Organizations are moving toward next-generation cybersecurity solutions this year, but security fragmentation is a looming threat.
Security firm Cynet has released a report on The State of Breach Protection in 2020 that paints a picture of a cybersecurity landscape that is evolving quickly--maybe too quickly for IT teams to keep up.
The report, which predicts security trends for 2020 based on responses from cybersecurity professionals, finds that that most are planning to roll out advanced protection products in 2020.
Advanced protection is defined in the report as SEIM software, network traffic analytics, and EDR/EPP products. These security products are designed to act as an additional layer of protection that go beyond firewalls and antivirus software.
SEE: 17 tips for protecting Windows computers and Macs from ransomware (free PDF) (TechRepublic)
Are additional solutions a real solution?
These new, next-generation security products are designed to fight the latest security threats, but the addition of more security products doesn't necessarily make security professionals feel at ease.
Most respondents (60%) plan to add some form of breach prevention measures in 2020, but 72% of those not planning to add more software cites a similar refrain: They can barely manage the products they already have in place.
Regardless of whether they were planning to add additional security products, 78% of respondents said that the "management, maintenance, and operational overhead" of their current security products was a major obstacle toward their achieving a level of security they would be happy with.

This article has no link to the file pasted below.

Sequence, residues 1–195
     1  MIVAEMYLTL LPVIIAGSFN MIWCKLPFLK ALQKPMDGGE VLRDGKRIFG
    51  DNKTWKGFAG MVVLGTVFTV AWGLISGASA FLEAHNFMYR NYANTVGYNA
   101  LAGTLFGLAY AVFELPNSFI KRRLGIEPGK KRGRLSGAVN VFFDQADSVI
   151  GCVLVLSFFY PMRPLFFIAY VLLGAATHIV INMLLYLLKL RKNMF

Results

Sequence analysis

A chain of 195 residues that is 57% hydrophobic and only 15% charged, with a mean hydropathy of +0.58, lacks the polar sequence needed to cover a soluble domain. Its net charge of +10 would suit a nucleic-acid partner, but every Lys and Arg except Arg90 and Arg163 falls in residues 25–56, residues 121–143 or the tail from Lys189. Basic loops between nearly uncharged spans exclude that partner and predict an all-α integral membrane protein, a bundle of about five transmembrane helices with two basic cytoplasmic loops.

Those numbers don't bode well for the cybersecurity world. This report makes it clear that cybersecurity professionals value advanced protection and that they don't think existing tools are enough to make networks safe.
Adding new security products isn't going to improve protection if they're operating in separate ecosystems that don't communicate--at least that's what the report concludes. "Lack of consolidation is the dominant practice, [but] most organizations view it as a core problem that must be solved."
The threats cybersecurity professionals expect to face
Fragmented security software is a concern that needs to be addressed, but it's questionable whether or not centralized systems could solve what professionals see as the biggest threats of 2020.
The three threats that respondents cited as their biggest for 2020 are:
- Weaponized email attachments and links (74%)
- Ransomware (71%)
- Banking trojans and other browser-based password hijackers (67%)
All three of these problems are serious, but it's debatable whether any of them can be solved by adding SEIM, network traffic analysis, or EDR/EPP on top of traditional security products.
Attacks that target web browsers need not infiltrate a network, weaponized email attachments can affect an individual machine and cause great damage without alerting traffic analysis, and ransomware can come from various sources and lock down a system without raising flags until it's too late.
That leaves cybersecurity professionals in a tricky position in 2020: Fragmented security software is going to leave networks vulnerable, and adding additional tools that don't communicate with existing ones will only make it harder for IT to keep up with already burdensome cybersecurity workloads--but the biggest perceived threats can bypass those tools with ease.
How is a good cybersecurity team to tackle the threats of 2020? Don't focus solely on software when one of the biggest threats comes from people making simple mistakes. A good cybersecurity posture definitely includes consolidated software, but it also prioritizes user education and training to make sure the average employee isn't leaving the door open to threats that even the best software isn't trained to see.
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